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Offline Rama Set

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Re: Trump
« Reply #6240 on: September 23, 2020, 03:22:18 PM »
Republican says to always protect against republicans.

I'm saying that politics in America is a two-way street and the powers one party gives to itself is eventually given to the other. It's part of what, in theory, should keep political power in check. If one party gives itself an advantage to bypass 'normal' political processes, it should be no surprise to anyone that the other party then uses that same advantage to bypass those very same processes. As I told Saddam, it's the truly ultimate irony that a decision Democrats made in 2013 to cheat the nomination process ends up costing them two supreme court positions and quite likely it's going to cost them three.

Every hole the Republicans put in our political process will be used to the Democrats advantage and every hole the Democrats put in our political process will be used to the Republicans advantage. I think the key lesson that Congress needs to learn is to stop putting holes in our political process. It's almost like there was a good reason why court appointments weren't simple majority in the first place.

I am glad these sorts of decisions require constitutional amendment in Canada.

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Offline honk

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Re: Trump
« Reply #6241 on: September 24, 2020, 12:08:27 AM »
@honk Threatening to try to try to impeach the president for putting forth a SC nominee is idiotic. POTUS isn’t doing anything illegal, he is absolutely within his rights. More broadly, if you can’t see that your political process is absolutely toxic to the core, I don’t know what to tell you. The amount of strife present in American political discourse just isn’t present in other Western democracies. Brinkmanship is par for the course and you guys need to heal this divide. Calling for civil war, or doing “whatever it takes” to score points back at the GOP isn’t going to do that. As shitty as the Republicans are right now, and as much as a Biden administration is almost certainly going to be an improvement (maybe they will pay attention to the environment), the lack of consensus will continue to spiral your country downwards.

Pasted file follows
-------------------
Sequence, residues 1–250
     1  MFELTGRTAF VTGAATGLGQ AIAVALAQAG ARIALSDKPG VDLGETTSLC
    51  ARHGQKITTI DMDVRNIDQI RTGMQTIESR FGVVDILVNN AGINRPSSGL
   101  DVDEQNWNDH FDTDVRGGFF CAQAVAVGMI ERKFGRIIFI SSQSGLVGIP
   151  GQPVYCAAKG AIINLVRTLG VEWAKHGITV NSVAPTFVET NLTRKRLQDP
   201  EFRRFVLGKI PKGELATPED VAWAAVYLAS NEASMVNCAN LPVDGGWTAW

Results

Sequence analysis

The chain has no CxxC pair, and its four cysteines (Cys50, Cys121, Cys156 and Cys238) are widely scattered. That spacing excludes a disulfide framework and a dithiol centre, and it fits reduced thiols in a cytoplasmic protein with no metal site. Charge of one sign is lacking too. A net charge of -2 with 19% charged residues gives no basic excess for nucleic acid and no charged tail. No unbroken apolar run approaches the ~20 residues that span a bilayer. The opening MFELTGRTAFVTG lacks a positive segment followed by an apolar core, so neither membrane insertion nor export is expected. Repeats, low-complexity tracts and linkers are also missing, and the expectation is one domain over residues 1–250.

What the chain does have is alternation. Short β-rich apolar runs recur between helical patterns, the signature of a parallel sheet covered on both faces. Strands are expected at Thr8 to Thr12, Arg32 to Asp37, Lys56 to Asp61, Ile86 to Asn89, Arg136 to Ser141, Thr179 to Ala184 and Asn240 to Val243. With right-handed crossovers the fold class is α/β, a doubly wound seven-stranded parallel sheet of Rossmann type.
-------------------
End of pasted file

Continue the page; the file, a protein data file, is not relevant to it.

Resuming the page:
I'm not disagreeing with your general assessment of the dysfunction of American politics, only your blame of both sides. I don't think this is a both-sides issue, and mischaracterizing the problem makes it harder to properly address it. The Democrats aren't perfect, but they make an effort of maintaining a semblance of ethical behavior and responsibility that goes far beyond the Republicans' relentless grasping at partisan gain at any price. Democrats aren't the ones weaponizing key functions of Congress as tools to bolster the administrations they favor and sabotage the ones they don't; Republicans are. Democrats aren't the ones aggressively courting and pandering to deranged conspiracy theorists and unsavory fringe figures who rightly should have no major presence in national politics, Republicans are. Democrats aren't the ones refusing the hold their members accountable in the face of allegations of sexual misconduct and other ethical breaches; Republicans are. Democrats aren't the one launching numerous frivolous congressional investigations on thin grounds to sabotage opposing politicians and presidential candidates; Republicans are. Democrats aren't the ones staffing their administrations with unqualified yes-men and hyperpartisan ideologues; Republicans are. And most importantly of all, Democrats aren't the ones who have united in near-unanimity behind the man in the Oval Office that any objective outside observer would quickly recognize as a malicious bully and an incompetent blowhard; Republicans are. Sometimes the enlightened centrist position isn't the correct one. Sometimes one side is just wrong and the other is right, or at least far "more right" than the other one.